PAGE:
When I think first of handling the ingredients, using charcoal is definitely a good method, so I will stick to that. In Japan, charcoal is used in not only Japanese restaurants but also French and Italian restaurants. Furthermore, the use of charcoal and wood for cooking is gradually increasing around the world. I believe that the use of charcoal makes yakitori more enjoyable for all five senses, and that is why people around the world can feel “Japan” beyond words when they enjoy it. Combined with charcoal, skewers, fans, the aroma of soy sauce, and sake (wine also goes well with it, of course), I believe that yakitori can be accepted as a dish that is the sheer power of Japanese synthesis, rich in the “essence of traditional Japanese culture.”
I hope that artisans who continue the tradition of yakitori, including myself, and young artisans who have honed their skills will spread the “genuine charm” of yakitori to the rest of the world. I hope that people around the world will be surprised and impressed by the wonderful food culture that exists in Japan. I also hope that Japanese people will train in France because they want to learn French cuisine, and that foreigners will train in Japan because they want to learn about yakitori.
Towards the next generation
of yakitori chefs.
“I want to make my own restaurant someday.” To make this dream come true, you must improve not only our skills but also your skills in courtesy and customer service. With such an increase in the number of yakitori restaurants, that is the key to becoming the restaurant of choice for customers. Now, I am teaching my young employees by giving them hands-on experience in the field and devoting myself to practice so that I can set an example for them. Although the training process is difficult and demanding at first, one is able to see what is happening in the real world on a daily basis and realize the importance of it. I hope that when my apprentices become independent in the future, they will create restaurants of value, becoming the most beloved restaurants in their communities.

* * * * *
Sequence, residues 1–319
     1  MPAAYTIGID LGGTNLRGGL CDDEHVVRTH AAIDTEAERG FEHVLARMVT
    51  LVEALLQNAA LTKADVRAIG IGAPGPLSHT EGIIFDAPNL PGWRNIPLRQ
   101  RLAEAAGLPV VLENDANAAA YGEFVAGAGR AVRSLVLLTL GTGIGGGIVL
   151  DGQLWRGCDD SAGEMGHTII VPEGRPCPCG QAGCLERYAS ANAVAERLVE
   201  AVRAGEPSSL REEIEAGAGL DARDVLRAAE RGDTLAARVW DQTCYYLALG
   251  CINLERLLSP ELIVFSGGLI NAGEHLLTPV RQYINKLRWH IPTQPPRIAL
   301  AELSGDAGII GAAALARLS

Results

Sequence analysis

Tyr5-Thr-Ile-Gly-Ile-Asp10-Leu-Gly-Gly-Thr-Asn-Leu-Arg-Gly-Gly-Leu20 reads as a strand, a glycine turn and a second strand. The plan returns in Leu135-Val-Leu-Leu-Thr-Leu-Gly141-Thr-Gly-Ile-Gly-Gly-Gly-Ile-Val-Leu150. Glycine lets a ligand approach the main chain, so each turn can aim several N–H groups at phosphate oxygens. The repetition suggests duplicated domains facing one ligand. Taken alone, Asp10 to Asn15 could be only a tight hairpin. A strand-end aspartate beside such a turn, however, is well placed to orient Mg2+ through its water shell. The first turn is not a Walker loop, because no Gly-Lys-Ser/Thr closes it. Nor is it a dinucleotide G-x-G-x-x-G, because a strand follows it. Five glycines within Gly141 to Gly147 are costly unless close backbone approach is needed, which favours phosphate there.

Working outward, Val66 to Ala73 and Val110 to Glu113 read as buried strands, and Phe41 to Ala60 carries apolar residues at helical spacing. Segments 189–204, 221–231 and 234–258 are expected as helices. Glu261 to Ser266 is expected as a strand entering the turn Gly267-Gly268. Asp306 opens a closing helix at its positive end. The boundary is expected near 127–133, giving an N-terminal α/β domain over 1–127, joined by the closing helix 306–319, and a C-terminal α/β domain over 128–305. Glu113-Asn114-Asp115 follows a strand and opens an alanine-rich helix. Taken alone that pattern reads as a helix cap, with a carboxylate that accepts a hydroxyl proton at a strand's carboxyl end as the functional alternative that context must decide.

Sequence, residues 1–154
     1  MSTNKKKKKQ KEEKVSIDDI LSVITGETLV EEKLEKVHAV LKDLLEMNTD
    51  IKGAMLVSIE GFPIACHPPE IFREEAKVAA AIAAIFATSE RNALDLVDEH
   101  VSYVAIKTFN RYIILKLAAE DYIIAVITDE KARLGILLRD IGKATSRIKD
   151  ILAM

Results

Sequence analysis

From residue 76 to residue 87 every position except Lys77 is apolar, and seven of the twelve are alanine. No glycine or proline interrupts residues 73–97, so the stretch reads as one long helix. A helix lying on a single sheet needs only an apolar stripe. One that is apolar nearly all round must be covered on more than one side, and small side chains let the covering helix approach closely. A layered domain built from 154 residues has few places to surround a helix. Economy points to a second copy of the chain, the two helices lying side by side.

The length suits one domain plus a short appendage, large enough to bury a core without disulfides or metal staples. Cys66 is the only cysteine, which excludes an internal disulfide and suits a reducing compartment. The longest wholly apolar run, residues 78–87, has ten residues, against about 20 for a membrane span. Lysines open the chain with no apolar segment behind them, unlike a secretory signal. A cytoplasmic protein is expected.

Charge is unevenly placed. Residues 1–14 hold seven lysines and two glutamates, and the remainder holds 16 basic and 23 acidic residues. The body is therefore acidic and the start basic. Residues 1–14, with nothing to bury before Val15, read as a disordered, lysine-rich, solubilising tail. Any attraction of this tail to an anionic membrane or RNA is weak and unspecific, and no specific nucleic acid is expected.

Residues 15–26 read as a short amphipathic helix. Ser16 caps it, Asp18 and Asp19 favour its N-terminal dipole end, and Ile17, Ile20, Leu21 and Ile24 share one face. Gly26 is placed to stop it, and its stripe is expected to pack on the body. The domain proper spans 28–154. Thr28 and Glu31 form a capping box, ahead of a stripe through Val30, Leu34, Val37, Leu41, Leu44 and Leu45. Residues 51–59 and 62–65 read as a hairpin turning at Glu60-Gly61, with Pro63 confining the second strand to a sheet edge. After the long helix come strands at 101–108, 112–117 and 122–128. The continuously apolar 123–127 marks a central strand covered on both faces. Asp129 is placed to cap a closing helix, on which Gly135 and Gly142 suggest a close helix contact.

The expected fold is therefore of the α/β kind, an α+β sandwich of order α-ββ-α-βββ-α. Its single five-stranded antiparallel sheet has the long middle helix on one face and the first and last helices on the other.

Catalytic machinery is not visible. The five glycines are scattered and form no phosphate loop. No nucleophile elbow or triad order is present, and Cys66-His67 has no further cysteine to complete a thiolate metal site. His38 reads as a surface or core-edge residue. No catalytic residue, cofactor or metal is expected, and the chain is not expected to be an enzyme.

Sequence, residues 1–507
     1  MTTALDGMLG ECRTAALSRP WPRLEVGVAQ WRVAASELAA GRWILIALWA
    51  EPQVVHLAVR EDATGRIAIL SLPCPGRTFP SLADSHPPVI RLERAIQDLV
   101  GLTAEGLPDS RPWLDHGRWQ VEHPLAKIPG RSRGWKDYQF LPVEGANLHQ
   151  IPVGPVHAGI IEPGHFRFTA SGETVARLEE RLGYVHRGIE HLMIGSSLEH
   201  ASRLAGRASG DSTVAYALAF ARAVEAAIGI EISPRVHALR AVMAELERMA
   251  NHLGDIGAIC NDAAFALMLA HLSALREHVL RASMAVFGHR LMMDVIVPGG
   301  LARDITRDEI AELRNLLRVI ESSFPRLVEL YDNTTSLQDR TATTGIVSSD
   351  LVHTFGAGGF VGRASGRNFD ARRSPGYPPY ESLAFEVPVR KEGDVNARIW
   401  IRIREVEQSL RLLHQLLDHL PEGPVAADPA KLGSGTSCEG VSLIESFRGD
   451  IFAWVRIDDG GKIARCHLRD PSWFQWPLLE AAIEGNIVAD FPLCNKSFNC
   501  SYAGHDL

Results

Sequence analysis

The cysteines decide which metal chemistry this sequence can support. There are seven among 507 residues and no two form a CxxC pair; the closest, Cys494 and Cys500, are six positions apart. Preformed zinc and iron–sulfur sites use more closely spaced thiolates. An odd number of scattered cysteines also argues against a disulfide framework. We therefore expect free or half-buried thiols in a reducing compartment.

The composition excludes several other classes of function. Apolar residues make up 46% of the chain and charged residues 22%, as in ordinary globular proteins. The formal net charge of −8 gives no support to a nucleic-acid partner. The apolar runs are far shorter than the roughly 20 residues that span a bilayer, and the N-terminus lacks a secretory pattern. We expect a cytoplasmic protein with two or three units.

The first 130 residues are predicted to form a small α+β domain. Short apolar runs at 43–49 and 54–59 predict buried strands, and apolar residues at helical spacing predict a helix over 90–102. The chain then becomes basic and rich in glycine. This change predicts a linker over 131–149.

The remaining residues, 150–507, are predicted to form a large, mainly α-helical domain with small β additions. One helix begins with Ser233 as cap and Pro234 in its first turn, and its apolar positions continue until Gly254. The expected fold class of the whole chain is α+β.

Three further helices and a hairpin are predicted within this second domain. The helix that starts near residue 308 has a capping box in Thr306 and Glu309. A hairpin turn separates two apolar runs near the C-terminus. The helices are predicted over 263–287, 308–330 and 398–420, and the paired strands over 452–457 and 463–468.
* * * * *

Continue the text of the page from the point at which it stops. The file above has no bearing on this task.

I believe that grilling yakitori should be a “job” rather than mere “work.” Work is just a means to do a job, and it is just a process of making things. For example, if I make drinking glass, my work is to enrich the heart of the person who buys it by making him or her feel “value” when using it. Yakitori is not just about grilling. If it brings a smile to the face of the person who eats it, or if it is burned into their mind that the yakitori was delicious, that is the first step in the process of creating a job. When a customer wants to come back, that is when I have done my job.
When I started out on the path of yakitori, I underestimated it. Eventually, I was drawn in by its charms, and I am now pursuing a higher caliber as a artisan. My current goal is to “improve the status of yakitori artisans,” which is a goal with much hardship. The more I do it, the more I have to pursue the essence of craftsmanship, and of course I have to discipline myself in various ways. Although these challenges are both enjoyable and painful, I feel a sense of mission to convey to the next generation who want to become yakitori chefs that “being a craftsman is wonderful and there is a dream for the future.”
I believe that the right answer is to choose the path of yakitori that is loved by the masses in a cheerful, old-fashioned way… The interesting thing about this world is that there are many different paths, and there is more than one way to enter. First of all, you have to consider whether there is room for growth when you decide to become a professional in that field. In our case, there is no such thing as “staying put.” It is an interesting test toward ourselves to see how far we can go in doing something universal. It is also rewarding for an artisan to be able to express themselves differently the harder they work, so I think it is fine for each person’s way of life to manifest in different ways when preparing yakitori.